I know it is a paradox but I have been fascinated by war movies since my father took me to see John Wayne in the film Iwo Jima when I was eight-years old. I have seen that and Randoph Scott’s Gung Ho several times over the years. Both films were sanitized to lessen the emotional and physical destruction that a bloody war wreaks on the human body and soul. I think I wanted to vicariously see and feel what combat looked like.
Years later, during the aforementioned Vietnam War, several companies produced anti-war films, a genre that dated back to All Quiet on the Western Front. But these new films, like The Deer Hunter, Apocalypse Now and Full Metal Jacket did a masterful job in capturing the inhumanity and insanity of warfare. But even then, they seemed to be lacking something. I think such poignant war novels, such as World War II veteran James Jones’ From Here to Eternity and The Thin Red Line and Greek classics, such as Homer’s The Trojan Wars provided the missing link. They transcended the bloody carnage by delving more deeply into the psychological anguish of facing instant death in combat.
Just recently, I tortured myself with the bloody chaos in the film, Hacksaw Ridge, on Netflix. The bloodshed and blown away limbs were more graphic than that of Saving Private Ryan’s opening battle scene. I also recently repeated seeing the two 10-part series on World War II, also showing on Netflix. The first one was based on historian Stephen Ambrose’s book, The Band of Brothers. The Pacific was produced by Steven Spielberg and actor Tom Hanks. These series intensified my revulsion at what war has done to virtually every generation in the 20th century. They all had the bloody fingerprints of the Loss of Eden on them.
The Band of Brothers traced the exploits of the 101st Airborne’s Easy Company from boot camp through several battles up to its liberation of a Nazi concentration camp. Its focus on a small group of men underscored the raw emotions of physical and mental suffering, the soldiers endured on a daily basis. Several interviews of the company’s survivors provided a dramatic representation of what the stress of real war actually was. Hell seems to be a fair analogy.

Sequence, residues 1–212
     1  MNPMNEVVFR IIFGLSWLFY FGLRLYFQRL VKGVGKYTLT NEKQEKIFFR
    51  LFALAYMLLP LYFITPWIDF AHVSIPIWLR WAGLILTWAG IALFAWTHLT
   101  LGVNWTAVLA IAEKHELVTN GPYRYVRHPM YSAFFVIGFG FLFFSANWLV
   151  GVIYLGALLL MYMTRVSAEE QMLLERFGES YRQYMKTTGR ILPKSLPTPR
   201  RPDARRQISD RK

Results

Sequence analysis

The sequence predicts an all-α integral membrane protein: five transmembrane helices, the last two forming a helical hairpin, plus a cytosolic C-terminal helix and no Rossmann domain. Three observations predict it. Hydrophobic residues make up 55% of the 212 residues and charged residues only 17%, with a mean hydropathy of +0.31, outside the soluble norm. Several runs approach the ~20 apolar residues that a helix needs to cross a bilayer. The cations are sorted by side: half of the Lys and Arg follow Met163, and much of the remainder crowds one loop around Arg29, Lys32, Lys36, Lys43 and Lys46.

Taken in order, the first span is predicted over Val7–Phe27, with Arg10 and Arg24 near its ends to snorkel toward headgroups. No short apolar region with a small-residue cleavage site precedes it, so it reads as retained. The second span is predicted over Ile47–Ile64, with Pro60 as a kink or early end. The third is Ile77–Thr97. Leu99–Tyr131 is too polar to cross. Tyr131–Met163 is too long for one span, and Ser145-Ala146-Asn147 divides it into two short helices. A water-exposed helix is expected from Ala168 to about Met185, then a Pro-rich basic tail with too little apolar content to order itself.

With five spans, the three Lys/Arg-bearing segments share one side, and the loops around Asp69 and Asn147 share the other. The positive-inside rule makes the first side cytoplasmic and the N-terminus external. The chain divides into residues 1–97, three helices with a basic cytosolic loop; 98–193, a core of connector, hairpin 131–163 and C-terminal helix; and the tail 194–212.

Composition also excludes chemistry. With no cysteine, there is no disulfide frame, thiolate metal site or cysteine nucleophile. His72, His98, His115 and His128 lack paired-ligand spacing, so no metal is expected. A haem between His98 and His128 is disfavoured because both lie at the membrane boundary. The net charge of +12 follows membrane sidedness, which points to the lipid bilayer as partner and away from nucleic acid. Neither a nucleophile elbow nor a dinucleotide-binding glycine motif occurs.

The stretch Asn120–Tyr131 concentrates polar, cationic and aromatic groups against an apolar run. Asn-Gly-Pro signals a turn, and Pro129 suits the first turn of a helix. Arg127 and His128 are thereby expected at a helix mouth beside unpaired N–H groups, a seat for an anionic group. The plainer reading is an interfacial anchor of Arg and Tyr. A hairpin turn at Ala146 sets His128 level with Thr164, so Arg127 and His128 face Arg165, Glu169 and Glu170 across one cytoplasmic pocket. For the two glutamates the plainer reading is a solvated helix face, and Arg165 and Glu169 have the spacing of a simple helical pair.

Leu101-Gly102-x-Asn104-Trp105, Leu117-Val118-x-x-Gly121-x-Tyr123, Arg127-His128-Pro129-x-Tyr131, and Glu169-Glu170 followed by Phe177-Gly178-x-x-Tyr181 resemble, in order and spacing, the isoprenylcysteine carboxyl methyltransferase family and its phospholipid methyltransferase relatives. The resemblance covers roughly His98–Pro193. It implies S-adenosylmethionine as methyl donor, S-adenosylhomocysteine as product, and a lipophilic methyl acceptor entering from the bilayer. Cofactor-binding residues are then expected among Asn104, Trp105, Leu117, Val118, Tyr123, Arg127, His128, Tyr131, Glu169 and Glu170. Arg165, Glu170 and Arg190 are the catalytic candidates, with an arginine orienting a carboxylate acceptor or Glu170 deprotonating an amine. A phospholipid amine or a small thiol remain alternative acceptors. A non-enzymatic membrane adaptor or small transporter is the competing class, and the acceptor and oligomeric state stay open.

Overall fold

The war in the Pacific had a completely different feel to it. Just as World War I was characterized by trench warfare, the fight against Japan was illustrated by several suicide charges of Japanese soldiers, often at night where Americans mowed down thousands of them. It lacked the personal interviews of The Band of Brothers and focused too often on the soldiers R&R in distant locales far from the sweltering jungle. It did contrast the American’s intense hatred and sadistic brutality in the killing of their Asian enemies with the more businesslike dispatching of their German foes.
My uncle Al had been traumatized by his four years in that theater. Though I thought he was safe in the Signal Corps, he endured three weeks in his foxhole, not knowing if he would be alive in the morning. When it finally arrived there were hundreds of Japanese bodies all over the field. My late wife’s grandmother had an elderly friend who had survived the Marne. He was very quiet, even sullen as he sat on their porch. It was said that he would never talk about his war experiences in France.